dimanche 28 juin 2009

Has somebody died?

There mut be millions of words being written about Michael Jackson right now. This is the most ridicluous I've read so far. From k-punk, who we can forgive almost anything, but even so : "And if you asked me to choose between Off The Wall and the entire back catalogue of the Sex Pistols and the Beatles, there would be no contest."
!!. The argument being that The Beatles were like passé by the early eighties. And Michael Jackson, the vampire's vampire!

samedi 27 juin 2009

How wrong we were

We said the Iraq war was mainly about oil. They said WMD and democracy. Here's what the NYT says in an article that appeared on Friday. Under the headline, “Warily Moving Ahead on Oil Contracts,” a Times correspondent reports from Baghdad: “When Iraq puts development rights to some of its largest oilfields up for auction to foreign companies on Monday, the bidding will be a watershed moment, representing the first chance for petroleum giants like ExxonMobil to tap the resources of a country they were kicked out of almost 40 years ago.”

jeudi 25 juin 2009

The Iranian diversion

Anything to take people's minds of the horror perpetuated in our names. Sixty people were obliterated by another drone attack in Pakistan and nobody in the West really gives a flying f*ck, diverted as they are by some stooge rallies in Tehran. What does Zizek have to say I wonder? Not that you'd really bother reading what that fraud has to say!

This is why events unnerve me

This on youtube - that deathly archive - a video someone took driving through Manchester in the early 1980's interspliced with other evocative shots to New Order's 'Ceremony'. The time that has past since...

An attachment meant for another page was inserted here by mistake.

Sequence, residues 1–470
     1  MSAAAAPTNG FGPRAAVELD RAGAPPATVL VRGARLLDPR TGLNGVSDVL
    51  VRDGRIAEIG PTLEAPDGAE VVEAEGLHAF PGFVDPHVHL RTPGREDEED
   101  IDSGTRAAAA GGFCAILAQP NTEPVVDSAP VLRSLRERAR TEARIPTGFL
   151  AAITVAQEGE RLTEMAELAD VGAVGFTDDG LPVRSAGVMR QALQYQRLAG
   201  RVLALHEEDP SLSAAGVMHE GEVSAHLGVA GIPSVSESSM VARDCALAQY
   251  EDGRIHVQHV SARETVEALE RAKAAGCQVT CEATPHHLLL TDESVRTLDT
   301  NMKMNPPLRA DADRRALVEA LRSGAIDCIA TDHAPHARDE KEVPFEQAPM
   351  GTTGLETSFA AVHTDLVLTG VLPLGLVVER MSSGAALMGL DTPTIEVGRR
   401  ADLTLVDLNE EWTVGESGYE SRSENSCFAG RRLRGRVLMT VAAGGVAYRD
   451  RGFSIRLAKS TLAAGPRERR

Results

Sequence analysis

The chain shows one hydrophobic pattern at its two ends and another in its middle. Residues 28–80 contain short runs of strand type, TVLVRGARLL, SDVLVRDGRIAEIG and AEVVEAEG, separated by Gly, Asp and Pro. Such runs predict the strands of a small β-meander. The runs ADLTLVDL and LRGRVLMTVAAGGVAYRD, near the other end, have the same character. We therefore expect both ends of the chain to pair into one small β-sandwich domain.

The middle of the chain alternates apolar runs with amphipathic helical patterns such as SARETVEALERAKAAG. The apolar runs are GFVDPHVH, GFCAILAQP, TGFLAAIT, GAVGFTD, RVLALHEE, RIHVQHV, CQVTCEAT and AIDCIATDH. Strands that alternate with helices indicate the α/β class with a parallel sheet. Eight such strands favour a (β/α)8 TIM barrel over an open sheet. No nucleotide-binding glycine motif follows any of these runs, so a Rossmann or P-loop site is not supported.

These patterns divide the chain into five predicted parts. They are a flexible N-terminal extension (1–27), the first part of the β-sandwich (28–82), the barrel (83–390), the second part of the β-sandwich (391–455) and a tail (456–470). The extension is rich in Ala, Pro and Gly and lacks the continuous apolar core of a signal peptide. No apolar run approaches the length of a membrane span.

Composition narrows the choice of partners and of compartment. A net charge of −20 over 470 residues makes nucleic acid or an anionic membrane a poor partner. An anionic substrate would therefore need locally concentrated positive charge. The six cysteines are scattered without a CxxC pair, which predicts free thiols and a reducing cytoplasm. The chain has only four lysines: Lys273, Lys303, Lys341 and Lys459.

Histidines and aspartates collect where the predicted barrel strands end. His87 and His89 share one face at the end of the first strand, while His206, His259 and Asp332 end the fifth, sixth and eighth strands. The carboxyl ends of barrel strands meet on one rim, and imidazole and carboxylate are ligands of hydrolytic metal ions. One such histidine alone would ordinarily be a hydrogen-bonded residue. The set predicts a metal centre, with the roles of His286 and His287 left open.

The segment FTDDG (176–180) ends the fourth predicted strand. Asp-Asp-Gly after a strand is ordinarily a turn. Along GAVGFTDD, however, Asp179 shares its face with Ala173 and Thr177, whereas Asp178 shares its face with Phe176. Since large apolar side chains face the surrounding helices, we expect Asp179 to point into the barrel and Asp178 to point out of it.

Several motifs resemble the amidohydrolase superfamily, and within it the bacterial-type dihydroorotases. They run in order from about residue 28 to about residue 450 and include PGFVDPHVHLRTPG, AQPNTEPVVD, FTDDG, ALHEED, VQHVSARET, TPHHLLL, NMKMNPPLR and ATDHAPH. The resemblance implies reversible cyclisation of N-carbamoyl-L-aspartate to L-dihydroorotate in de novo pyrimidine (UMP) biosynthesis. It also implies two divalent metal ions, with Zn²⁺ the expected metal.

Better news

With current events in Iran only splitting (what's left of) the left further (see the response to Zizek's awful letter on the subject, for instance) it's good to see there is life in the class war in Britain. Seumas Milne's article in The Guardian argues that when workers stand up to their employers, they tend to win and that passivity and inaction lead to wage cuts and redundancies.
He writes "It's now become obvious that only by defying or ignoring the anti-democratic legislation bequeathed by Margaret Thatcher – which outlaws, for example, all solidarity action – will there ever be the political will to ditch or replace it with something more reasonable."

It's about time someone in the MSM said as much.

mardi 23 juin 2009

Meanwhile the war goes on

Whatever the outcome of the Iranian elections (REL prediction - the story will fizzle out this week) the military encirclement of Iran tightens. The British army has just launched a raid "on a Taliban stronghold in southern Afghanistan." Cheer on those brave troops.

Keep Britain wanking

Sorry, but, well - it really does deserve that -http://www.keepbritainworking.com/supporters.aspx

The website has that Ikea Orwellian feel to it. The TUC, the LibDems and Boris Johnson all say how important the site is to battling the country through the slump. There's even some 'propaganda' [sic] postcards for sale...slogans taken from the second world war. Not 'chilling' just sad, really really sad.

Kissinger lord of darkness

http://www.infowars.net/articles/june2009/220609Meddling.htm - if you want to get wound up politically. It's the arch Vader himself in usual slippery form not actively openly saying "Send the US troops in now!" but coming down near enough. But my point here is why he uses the word 'crisis'....whatever is going on in Iran, from the actual situation based on political force and regime stability, the Iranian government is not teetering on the brink of collapse. So why use the term - presumably because the US is, as it stands accused of, actively promoting a faux revolution.

lundi 22 juin 2009


There are experts out there but a lot of us are pretty much in the same place when it comes to Iran - a foggy situation where things are often not what they seem (the BBC fake footage, the Nada killers), a country about which we do not know a great deal but about which it seems clear that some American plan appears to be being played out.
Three points that stick out -